It's Nice That | Academy Photo #Remote Brief
Confinement and community: Academy Photo’s artists create something beautiful from a challenging situation
The London-based photography agency tasks its photographers with a series of remote briefs in the hopes of maintaining the creative spirit.
Words by Jyni Ong
Academy Photo – home to the likes of Peter Funch, Frederick Paxton, Ivar Wigan, Joshua Wilks, Katie Burdon – have come up with a way to keep its representees busy during this isolation period. The production house hoped to instil positivity in its photographers, providing them with a remote brief to create something beautiful out of a challenging situation. Tasking its renowned photographers to explore something they hadn’t done previously under the themes of confinement, community and stockpiling, the experiment prompted the artists to flex their muscles under the limitations of lockdown. As a consequence, the results are unexpected, with each contributing artist producing something outside of their known aesthetic, and to the delight of their fans all over.
For Katie Burdon – a photographer who has shot for the likes of Vogue Italia and Rollacoaster Magazine – the brief provided her with an apt opportunity to go over the road and visit her 86-year-old neighbour. She had just arrived back in her home town in Cornwall from London when she was presented with the brief “to keep [her] abstract thinking alive and camera clicking.” She tells It’s Nice That, “I don’t think I would have taken these portraits without this nudge,” and found herself pushing ideas to a new level under the newly imposed restrictions.
She’s known Maureen her whole life and remembers reigning the Cornish countryside lane as a child with her in close proximity. Describing her as a legend, Katie recalls her thick Cornish accent like “petals through rough diamonds” and her curiosity “as sharp as a razor.” Spending much of her time spying on passers-by out the window or from the comfort of her front garden, Katie captured the cheekiness of her neighbour in a striking portrait revealing Maureen’s quirks. Elsewhere, Katie’s been playing with more abstract modes of photography, exploring the heightened feelings experienced in isolation while questioning her relationship with the medium.
Peter Funch, on the other hand, has spent his confinement across the channel in a small town in the south of France. “Like many other countries,” he tells us, “the confinement rules were very strict and the emotional understanding of this pandemic has been quite a journey.” Despite not knowing what tomorrow will be like, he found a new meaning in the beauty surrounding him, explaining, “We are extremely suspicious of beauty, but maybe less these days as it gives us a confirmation of meaning in life.”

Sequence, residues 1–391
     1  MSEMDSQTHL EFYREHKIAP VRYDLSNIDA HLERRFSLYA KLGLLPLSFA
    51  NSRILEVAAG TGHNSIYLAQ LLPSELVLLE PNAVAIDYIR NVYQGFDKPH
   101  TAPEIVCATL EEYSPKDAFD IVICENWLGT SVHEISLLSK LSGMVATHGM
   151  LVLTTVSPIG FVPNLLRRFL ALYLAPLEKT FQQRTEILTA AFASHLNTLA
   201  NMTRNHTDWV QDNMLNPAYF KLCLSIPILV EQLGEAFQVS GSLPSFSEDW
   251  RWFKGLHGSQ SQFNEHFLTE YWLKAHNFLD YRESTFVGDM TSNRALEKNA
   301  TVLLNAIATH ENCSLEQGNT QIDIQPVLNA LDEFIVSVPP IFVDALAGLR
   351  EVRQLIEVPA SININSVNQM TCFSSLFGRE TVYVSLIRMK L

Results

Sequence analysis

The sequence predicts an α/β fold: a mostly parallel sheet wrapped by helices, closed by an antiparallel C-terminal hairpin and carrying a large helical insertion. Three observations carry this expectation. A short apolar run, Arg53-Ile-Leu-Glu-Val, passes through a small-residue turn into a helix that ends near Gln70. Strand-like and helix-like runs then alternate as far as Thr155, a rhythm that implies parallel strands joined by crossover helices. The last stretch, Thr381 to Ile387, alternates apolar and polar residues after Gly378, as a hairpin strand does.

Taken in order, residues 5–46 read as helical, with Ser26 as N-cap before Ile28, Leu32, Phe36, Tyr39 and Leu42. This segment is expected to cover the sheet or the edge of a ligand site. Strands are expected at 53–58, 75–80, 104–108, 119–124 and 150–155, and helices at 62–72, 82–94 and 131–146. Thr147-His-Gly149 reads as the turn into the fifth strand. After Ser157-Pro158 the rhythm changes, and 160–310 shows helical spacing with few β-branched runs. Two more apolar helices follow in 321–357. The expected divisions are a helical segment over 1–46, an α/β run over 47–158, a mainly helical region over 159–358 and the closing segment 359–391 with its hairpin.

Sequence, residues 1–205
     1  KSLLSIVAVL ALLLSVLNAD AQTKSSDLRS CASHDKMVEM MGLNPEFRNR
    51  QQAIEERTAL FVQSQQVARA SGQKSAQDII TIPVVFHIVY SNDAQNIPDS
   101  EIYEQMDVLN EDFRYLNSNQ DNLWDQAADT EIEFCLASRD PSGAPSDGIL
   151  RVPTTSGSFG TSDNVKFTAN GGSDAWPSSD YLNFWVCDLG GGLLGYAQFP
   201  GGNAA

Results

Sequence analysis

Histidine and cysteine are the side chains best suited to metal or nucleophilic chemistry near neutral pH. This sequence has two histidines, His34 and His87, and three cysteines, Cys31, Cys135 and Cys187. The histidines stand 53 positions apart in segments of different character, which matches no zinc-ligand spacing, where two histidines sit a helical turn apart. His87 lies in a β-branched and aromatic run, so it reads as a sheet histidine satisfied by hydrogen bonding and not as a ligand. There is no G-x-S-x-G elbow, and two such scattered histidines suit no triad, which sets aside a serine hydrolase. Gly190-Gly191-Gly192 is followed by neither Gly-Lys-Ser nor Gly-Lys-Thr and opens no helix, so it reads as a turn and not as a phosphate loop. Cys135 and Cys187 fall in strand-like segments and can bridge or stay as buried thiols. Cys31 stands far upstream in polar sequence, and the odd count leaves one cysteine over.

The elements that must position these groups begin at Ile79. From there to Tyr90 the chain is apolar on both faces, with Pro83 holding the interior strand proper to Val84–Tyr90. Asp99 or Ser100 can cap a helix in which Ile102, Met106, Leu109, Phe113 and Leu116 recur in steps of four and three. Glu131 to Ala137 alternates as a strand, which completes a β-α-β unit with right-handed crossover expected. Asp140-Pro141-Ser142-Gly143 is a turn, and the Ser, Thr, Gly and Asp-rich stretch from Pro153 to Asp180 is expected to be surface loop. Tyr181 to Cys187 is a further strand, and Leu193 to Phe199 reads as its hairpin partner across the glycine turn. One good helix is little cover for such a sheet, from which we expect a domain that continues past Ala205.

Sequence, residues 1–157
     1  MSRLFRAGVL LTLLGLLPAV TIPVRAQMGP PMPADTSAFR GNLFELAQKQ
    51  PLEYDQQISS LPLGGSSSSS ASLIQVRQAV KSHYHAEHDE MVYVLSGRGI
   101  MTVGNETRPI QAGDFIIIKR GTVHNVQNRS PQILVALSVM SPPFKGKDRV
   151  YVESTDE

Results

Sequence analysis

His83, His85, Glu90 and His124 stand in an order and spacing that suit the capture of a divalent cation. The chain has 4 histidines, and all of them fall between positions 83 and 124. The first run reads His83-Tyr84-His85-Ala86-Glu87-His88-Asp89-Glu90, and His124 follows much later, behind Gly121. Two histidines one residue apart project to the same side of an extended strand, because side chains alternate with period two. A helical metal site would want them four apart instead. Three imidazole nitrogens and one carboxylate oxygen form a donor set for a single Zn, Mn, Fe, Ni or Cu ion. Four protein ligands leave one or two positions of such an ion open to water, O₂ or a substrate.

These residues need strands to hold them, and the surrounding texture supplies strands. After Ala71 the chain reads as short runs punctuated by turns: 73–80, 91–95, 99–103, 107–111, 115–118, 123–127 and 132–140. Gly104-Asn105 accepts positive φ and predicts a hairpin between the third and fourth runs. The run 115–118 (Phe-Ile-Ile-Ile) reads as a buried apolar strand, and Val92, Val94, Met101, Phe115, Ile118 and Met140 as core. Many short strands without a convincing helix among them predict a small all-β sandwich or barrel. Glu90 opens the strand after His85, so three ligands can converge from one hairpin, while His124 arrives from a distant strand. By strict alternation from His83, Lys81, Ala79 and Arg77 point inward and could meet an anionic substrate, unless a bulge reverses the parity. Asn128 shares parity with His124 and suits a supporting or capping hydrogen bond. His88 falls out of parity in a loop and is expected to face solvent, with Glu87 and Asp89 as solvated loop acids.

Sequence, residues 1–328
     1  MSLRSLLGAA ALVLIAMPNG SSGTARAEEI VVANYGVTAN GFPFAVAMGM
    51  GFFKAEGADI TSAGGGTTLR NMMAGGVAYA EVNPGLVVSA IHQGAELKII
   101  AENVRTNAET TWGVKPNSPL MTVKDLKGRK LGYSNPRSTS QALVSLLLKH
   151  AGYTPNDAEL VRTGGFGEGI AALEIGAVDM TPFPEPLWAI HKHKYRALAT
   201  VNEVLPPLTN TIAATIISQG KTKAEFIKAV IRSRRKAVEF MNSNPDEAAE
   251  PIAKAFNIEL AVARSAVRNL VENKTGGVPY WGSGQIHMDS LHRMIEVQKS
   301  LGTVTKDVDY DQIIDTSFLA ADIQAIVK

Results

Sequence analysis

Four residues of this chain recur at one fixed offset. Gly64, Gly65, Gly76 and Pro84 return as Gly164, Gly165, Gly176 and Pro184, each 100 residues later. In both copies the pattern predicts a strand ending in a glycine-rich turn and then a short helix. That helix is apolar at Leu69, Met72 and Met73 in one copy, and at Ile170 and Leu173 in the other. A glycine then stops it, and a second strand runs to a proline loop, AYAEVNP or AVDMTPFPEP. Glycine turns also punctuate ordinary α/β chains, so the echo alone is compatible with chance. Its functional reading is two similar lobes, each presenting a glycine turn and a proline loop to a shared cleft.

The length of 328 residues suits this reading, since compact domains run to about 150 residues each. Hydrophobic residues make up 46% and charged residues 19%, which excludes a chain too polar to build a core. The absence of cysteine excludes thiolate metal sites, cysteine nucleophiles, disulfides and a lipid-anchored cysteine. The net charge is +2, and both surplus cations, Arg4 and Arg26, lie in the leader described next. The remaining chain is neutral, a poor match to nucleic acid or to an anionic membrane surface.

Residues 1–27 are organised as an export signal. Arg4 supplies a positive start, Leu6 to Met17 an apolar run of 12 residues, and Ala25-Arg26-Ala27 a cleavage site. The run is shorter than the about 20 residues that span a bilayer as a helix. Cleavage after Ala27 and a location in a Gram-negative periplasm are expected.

Taking to the foliage around him, he started gathering flowers, enjoying the environmental experience, then arranging and photographing the scene. “It feels simple and meditative,” he adds. Over time, he witnessed the circle of life take hold of the budding blooms around him. As conversations with family and friends unfolded, new flowers came into being and others faded away. In short, confinement may be restrictive, but on the flip side, it has also allowed Peter to deeply observe.
Flowers is a common subject also shared with William Arkle Marsden, who documented their fragile intricacy in a symbol of coexisting power and frailty. It was a subject he thought of immediately when presented with the brief; a distinct change from his practice outside lockdown which is based on documenting sub-groups of British society. In a society on a much smaller scale however, Jim Fenwick photographed the highly organised society of ants, each one living for the greater good of the colony. “I read a fascinating article in The New Yorker explaining how isolation takes its toll on ants,” he explains. “According to a study by researchers at the University of Lausanne, ants are forced to live alone and have only one tenth the life span of those that live in groups.” With that being said, Jim finally concludes: “We all benefit from community.”